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A family in Australia accidentally struck a koala in Queensland, but didn’t know the marsupial then hitched a ride with them. It wasn’t until after the animal survived a 54-mile ride at speeds of about 68 mph on a freeway Monday that they realized the 4-year-old male was clinging to the bottom of the car. Rescuers brought the koala to the
Australia Zoo for help, but the only thing he suffered was a torn nail. "It is absolutely amazing that he has such minor injuries and he survived," said veterinarian Claude Lacasse. "It is a truly remarkable story, he is a very lucky koala." The koala, who they named Timberwolf, is recovering at the
zoo in Brisbane while vets determine exactly where he was struck, so they can return him to his home in the wild. — Read it from
Agence France Presse via Yahoo
Rural squirrels quickly run off when they see humans, but New York City squirrels hardly seem to notice them, according to a new study. Researchers found that city squirrels allowed pedestrians to come relatively close to them and would move away only when they felt a human intently watching them. Ninety percent of the city squirrels moved out of the way of humans walking on a footpath, while just 5 percent froze and showed signs of being alert and vigilant. That suggests the animals can tell the difference between threatening and nonthreatening behavior. The study was published in
Journal of Zoology. — Read it at
Working with the
Toronto Zoo, U.K. researchers collected saliva from moose and reindeer and simulated grazing by spreading it onto samples of red fescue grass carrying a toxic fungus. They found that the saliva inhibited the growth of the fungus within 12 to 36 hours. Moose tend to graze in a defined home range, and researchers said it’s possible certain groups of plants are getting repeated exposure to saliva, and over time, that’s resulted in fewer toxins in their preferred area. The study was published in the journal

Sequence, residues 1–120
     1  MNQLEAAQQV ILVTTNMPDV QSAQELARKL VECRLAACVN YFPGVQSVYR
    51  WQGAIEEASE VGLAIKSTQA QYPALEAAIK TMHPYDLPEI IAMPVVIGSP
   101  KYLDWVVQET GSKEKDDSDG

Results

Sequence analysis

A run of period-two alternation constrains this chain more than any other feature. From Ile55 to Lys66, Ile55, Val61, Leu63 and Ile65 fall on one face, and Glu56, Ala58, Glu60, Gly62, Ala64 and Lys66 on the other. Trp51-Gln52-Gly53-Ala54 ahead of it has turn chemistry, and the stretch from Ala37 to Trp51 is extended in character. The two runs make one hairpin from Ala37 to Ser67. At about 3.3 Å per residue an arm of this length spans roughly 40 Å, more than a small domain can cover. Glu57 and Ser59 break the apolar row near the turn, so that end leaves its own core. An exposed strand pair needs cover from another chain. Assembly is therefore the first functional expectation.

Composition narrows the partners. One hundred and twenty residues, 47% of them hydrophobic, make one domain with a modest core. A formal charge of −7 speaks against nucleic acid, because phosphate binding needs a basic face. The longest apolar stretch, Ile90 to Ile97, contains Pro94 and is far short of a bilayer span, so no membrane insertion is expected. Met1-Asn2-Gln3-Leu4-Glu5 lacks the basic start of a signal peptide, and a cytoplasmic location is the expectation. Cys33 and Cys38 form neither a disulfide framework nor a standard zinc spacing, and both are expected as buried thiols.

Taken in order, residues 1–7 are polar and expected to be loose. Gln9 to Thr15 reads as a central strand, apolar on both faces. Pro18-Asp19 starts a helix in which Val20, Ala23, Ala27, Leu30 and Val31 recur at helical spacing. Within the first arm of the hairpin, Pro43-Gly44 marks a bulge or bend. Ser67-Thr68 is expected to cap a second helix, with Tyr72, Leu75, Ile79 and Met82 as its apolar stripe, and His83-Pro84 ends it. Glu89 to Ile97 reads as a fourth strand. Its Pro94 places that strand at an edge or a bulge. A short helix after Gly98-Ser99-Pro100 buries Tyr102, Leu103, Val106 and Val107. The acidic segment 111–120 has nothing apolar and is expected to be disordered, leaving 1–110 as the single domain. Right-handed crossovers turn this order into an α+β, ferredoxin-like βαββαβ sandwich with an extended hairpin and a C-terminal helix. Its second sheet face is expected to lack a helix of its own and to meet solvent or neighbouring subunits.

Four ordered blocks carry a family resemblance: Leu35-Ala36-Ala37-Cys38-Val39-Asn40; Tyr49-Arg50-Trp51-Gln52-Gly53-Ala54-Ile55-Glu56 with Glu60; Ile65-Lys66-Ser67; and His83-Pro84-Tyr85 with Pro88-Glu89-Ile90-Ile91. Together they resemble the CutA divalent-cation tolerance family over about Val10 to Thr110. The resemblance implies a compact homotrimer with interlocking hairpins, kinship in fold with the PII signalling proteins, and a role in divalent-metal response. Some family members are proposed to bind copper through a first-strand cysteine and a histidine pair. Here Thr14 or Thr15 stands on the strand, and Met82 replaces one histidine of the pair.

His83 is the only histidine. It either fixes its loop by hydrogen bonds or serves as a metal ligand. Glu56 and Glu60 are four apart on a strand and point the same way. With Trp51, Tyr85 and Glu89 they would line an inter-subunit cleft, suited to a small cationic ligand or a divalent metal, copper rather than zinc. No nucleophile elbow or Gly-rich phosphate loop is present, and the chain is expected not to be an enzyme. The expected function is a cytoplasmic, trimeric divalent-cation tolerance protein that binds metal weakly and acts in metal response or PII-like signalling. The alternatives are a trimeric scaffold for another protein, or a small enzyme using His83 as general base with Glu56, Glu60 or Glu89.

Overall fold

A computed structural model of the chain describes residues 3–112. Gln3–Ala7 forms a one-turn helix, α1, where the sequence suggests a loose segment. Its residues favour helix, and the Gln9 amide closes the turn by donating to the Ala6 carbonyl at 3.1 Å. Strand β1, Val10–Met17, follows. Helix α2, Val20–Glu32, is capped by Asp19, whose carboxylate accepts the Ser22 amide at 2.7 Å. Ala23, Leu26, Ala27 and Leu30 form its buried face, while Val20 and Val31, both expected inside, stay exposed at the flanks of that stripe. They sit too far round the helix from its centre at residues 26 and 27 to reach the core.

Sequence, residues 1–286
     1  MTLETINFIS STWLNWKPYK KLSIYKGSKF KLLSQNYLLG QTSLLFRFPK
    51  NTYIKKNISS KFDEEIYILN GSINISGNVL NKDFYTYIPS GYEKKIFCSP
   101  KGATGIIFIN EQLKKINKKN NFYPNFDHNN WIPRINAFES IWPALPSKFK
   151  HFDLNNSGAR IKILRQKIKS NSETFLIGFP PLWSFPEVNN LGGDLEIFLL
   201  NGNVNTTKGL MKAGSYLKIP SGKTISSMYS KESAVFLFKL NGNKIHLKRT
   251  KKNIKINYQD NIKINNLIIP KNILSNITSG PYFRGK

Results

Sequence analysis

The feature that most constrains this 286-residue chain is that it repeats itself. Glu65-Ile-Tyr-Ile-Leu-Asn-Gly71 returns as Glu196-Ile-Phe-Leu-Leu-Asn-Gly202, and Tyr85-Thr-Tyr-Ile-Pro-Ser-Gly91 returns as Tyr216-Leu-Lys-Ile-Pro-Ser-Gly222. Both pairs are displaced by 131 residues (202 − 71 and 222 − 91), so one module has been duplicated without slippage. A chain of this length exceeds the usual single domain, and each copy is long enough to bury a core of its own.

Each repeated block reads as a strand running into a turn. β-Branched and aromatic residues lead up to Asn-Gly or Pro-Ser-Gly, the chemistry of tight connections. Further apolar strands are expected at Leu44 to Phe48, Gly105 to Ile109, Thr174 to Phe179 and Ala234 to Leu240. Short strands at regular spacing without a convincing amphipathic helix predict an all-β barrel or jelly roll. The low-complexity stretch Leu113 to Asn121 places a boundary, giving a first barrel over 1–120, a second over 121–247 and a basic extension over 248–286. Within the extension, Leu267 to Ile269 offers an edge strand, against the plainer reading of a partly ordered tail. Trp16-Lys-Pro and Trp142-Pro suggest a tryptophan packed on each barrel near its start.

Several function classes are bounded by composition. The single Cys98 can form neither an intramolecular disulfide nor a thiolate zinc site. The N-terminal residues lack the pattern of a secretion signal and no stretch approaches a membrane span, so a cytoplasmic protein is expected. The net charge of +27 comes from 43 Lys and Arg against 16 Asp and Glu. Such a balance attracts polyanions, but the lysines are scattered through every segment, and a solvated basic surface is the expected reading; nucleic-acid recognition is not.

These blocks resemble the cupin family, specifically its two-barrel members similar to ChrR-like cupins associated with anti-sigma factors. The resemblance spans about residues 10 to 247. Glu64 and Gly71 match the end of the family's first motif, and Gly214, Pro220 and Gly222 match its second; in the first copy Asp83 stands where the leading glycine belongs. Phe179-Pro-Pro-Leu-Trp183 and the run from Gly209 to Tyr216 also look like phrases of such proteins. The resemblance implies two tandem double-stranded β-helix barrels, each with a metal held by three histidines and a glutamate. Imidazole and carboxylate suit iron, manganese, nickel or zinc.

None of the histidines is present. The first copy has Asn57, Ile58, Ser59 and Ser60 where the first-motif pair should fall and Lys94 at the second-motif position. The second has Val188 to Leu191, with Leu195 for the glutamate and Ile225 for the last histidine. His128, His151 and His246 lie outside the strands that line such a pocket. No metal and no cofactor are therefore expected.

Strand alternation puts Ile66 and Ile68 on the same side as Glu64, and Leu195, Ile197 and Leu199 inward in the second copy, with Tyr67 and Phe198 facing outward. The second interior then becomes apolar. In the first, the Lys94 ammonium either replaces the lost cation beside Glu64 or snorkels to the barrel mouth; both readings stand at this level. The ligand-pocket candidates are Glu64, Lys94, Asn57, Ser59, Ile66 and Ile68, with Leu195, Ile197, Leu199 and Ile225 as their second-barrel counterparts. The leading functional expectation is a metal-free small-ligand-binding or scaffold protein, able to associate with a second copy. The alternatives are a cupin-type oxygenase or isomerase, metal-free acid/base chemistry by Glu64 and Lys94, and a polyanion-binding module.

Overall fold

Biology Letters. — Read it at
With only an estimated 50 Amur leopards left in the wild, the arrival of two at the
Twycross Zoo in the U.K. is a big deal. The cubs were
born in June to mom Kristen and dad Davidoff, and the
zoo waited to make sure they were healthy before announcing their birth. The pair hasn’t had any human contact, so their gender isn’t yet known. Amur leopards have a small range in China and southeast Russia, and the species faces extinction because of poaching, illegal logging and loss of habitat to humans. "We are hopeful that these U.K.-born babies will one day be part of wider
conservation plans for the reintroduction of the species to the wild," said the zoo’s Head of Life Sciences, Dr. Charlotte Macdonald. — Read it at
Supermodel Heidi Klum is mom to four kids — and three
dogs. Together, they’re “one big happy family,” she says. Klum has two
German Shepherds, Max and Freddy, and one little
Pomeranian, Simba, who thinks he’s just as big as his pals. “He is about a tenth the size of Max and Freddy, but also thinks he is a guard dog,” Klum says. Her favorite part of being a
dog owner is the weekends where they all spend time in the garden and in the swimming pool. She says the big
dogs jump right in, while Simba acts as a lifeguard on the side. — Read it at
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